Nearly 20 years after breaking through, thanks indirectly to film director David Lynch, Chris Isaak proved still popular enough to pack Boulder’s Chautauqua Auditorium on Sunday — and for good reason: the man can put on a show.
Isaak has charisma to spare, several albums of haunting, melodic songs to draw from and, even at age 54, he’s still easy on the eyes. Above all this is his voice, crooning one minute, hitting a high falsetto the next, still as strong as ever.
Isaak and his band, Silvertone, along with producer Erik Jacobsen, re-introduced the joys of reverberation long before indie rock’s recent infatuation with it. Yes, Isaak’s music is retro and stylized (what isn’t anymore?) but, judging by the audience at the show at Chautauqua, it seems no one under 50 is buying.
Too bad. His 2009 release, “Mr. Lucky,” added a bit more song variety and sonic dimension. Maybe he’d get some indie cred by name- dropping Ennio Morricone as an influence (there’s an unmistakable Western element in much of Isaak’s material), rather than just Sun Studios- era Roy Orbison and Elvis Presley.
Coming out in a red suit and rocking from the get go, Isaak and the band played songs spanning Isaak’s long career. Few performers interact with an audience like Isaak, venturing well out into the crowd while vamping Elvis Presley’s “Love Me Tender.” Isaak is known for doing stage shtick better than almost any musical act. Nearly every member of Isaak’s band, Silvertone, is employed in this, which, in less capable hands, can come off looking dumb or hokey. Not at all here. Nearly all have personality to spare, as well as above- average chops.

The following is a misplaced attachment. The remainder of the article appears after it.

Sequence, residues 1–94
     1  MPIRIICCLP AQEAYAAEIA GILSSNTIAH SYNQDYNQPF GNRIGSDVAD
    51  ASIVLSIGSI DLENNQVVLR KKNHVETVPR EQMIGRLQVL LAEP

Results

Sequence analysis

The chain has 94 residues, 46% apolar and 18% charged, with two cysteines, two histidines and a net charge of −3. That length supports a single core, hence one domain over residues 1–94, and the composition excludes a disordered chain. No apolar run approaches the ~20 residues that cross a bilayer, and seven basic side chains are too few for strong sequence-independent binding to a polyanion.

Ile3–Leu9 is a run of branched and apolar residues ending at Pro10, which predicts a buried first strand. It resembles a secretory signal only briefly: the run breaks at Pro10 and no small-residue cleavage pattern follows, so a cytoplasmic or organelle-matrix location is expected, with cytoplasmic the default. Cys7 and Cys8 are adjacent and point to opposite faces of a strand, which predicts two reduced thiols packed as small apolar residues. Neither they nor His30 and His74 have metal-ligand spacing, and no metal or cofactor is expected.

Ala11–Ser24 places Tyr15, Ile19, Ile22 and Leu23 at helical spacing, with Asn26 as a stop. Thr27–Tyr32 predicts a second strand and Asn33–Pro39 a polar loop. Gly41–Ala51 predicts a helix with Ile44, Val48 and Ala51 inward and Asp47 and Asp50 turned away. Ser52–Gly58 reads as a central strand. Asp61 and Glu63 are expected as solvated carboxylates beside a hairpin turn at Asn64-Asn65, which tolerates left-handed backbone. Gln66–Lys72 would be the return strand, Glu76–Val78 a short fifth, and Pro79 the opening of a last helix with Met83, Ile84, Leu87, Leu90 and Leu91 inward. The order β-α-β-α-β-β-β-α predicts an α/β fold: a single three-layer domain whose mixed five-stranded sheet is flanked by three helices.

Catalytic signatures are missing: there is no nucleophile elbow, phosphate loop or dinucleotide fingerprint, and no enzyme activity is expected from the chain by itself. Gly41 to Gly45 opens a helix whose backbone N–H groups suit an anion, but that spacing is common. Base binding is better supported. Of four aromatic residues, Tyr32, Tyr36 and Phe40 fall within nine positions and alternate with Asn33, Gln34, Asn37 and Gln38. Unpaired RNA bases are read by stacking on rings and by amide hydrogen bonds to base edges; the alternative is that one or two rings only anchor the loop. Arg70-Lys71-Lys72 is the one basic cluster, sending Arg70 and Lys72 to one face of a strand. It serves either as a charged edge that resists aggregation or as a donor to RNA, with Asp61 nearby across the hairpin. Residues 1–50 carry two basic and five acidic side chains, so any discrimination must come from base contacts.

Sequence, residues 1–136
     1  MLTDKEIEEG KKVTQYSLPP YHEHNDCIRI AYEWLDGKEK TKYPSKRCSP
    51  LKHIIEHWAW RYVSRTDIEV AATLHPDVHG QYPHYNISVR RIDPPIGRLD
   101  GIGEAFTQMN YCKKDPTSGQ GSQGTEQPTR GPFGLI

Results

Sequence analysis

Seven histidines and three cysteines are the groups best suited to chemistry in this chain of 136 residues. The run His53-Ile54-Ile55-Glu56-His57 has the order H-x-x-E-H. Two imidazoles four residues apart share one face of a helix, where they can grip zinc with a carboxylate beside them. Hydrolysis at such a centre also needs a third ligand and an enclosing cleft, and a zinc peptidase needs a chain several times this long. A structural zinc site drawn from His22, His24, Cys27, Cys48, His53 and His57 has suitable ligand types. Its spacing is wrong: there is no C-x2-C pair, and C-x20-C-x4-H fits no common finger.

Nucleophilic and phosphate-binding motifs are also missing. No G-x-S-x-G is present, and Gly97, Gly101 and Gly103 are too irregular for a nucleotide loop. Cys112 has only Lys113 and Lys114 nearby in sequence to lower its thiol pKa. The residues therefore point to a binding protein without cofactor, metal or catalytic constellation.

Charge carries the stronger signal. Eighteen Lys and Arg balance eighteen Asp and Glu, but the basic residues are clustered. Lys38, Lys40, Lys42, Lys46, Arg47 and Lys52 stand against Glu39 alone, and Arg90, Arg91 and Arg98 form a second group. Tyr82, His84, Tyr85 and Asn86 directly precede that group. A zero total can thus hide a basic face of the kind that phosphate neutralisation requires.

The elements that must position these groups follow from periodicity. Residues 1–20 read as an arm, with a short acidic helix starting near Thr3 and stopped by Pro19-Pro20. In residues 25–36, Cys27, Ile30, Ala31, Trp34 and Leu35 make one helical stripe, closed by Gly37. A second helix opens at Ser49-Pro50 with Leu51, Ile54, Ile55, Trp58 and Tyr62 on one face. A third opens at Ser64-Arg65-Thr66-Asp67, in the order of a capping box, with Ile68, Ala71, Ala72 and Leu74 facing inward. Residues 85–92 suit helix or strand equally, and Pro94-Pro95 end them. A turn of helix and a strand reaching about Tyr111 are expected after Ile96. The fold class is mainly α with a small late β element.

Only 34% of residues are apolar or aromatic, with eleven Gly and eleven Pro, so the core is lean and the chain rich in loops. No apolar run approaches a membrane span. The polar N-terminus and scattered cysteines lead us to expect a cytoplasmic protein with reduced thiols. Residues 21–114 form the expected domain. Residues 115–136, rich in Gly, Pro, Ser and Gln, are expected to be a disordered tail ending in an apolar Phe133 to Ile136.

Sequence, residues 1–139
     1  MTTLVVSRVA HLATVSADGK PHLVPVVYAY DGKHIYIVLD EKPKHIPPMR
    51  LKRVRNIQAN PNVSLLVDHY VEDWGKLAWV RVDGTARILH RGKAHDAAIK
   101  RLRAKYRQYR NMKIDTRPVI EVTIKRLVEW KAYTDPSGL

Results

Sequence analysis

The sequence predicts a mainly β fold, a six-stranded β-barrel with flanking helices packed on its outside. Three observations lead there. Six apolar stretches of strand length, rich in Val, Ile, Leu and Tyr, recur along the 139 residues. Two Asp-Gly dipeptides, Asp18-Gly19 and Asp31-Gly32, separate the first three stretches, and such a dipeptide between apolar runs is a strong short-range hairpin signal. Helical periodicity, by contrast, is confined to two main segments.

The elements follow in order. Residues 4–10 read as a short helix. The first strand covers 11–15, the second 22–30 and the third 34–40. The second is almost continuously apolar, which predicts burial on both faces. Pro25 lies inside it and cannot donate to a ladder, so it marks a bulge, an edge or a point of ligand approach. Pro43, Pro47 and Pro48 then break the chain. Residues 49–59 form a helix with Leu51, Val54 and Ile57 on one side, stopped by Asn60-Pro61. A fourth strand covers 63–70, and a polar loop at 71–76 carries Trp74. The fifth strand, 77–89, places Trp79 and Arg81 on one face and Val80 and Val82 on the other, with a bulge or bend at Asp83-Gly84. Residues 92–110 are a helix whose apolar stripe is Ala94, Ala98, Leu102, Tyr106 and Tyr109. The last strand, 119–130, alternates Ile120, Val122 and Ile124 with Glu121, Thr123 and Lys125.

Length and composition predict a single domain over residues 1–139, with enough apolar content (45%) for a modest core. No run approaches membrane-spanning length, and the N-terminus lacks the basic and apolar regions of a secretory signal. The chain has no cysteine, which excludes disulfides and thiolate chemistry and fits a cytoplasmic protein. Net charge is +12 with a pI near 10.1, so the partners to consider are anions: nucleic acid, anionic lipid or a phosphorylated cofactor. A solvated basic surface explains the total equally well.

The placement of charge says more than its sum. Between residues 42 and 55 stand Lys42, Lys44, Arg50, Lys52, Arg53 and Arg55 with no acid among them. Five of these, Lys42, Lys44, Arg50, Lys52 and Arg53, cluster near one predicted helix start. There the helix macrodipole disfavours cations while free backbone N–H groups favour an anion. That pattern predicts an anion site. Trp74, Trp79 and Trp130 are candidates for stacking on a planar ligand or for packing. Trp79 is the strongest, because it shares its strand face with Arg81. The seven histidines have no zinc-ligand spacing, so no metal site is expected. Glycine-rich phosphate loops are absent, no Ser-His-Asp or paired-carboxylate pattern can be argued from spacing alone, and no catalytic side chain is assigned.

Drummer Kenny Dale Johnson, often a foil of Isaak’s repartee, added great background vocals (almost a one man Jordanaires) as does bassist Rowland Salley. Both have been with Isaak for over 25 years. Hershel Yatowitz, Silvertone guitarist since 1995 creates the surf/ western/ twang/ jangle that provides Isaak’s biggest draw after his voice. Keyboardist Scott Plunkett, relatively new to the band, brings more coloring and weight to Silvertone’s already big sound, which, incidentally, had no trouble filling the vast barn like setting of Chautauqua. Yes, they played “Wicked Game,” (saddest makeout song ever), Isaak mixing a few uptempo songs with his trademark melancholy, pity-party perfect songs about loneliness and heartbreak.
A highlight of the 90-minute-plus set was a seated, “unplugged” segment. Isaak carried the songs with the force of his voice, joined by the whole band, including percussionist Raphael Padilla. Isaak added a few choice covers, Hank Snow’s “(Now and Then There’s) A Fool Such As I” and the Haitian folk song “Yellow Bird.”
The show wrapped up with a multi-song encore, “Blue Hotel” off Isaak’s second album, “She’s About a Mover” by Doug Sahm’s Sir Douglas Quintet, with Salley on lead vocals, a killer version of Orbison’s “Pretty Woman” and the closer, the beautiful, plaintive “Blue Spanish Sky.”
Isaak must like playing Colorado. He’s back next month, playing Greeley and Colorado Springs.
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Mike Long is a Longmont-based writer and comedian and a regular contributor to Reverb.
Allen Klosowski is the social media strategist for The Denver Post. Check out his photos online.